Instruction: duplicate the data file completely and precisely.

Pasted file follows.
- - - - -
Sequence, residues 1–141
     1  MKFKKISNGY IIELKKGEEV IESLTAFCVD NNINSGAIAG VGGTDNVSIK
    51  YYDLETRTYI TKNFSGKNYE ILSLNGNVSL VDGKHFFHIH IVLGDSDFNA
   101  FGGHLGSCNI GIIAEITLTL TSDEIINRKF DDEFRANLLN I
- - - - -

Sequence, residues 1–141
     1  MKFKKISNGY IIELKKGEEV IESLTAFCVD NNINSGAIAG VGGTDNVSIK
    51  YYDLETRTYI TKNFSGKNYE ILSLNGNVSL VDGKHFFHIH IVLGDSDFNA
   101  FGGHLGSCNI GIIAEITLTL TSDEIINRKF DDEFRANLLN I